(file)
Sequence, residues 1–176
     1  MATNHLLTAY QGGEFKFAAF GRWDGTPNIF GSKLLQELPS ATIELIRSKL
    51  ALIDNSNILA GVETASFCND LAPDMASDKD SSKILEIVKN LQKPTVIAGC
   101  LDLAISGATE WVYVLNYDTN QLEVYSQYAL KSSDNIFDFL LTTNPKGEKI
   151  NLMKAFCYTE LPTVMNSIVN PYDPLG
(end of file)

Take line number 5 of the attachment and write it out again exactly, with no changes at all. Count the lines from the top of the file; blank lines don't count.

   151  NLMKAFCYTE LPTVMNSIVN PYDPLG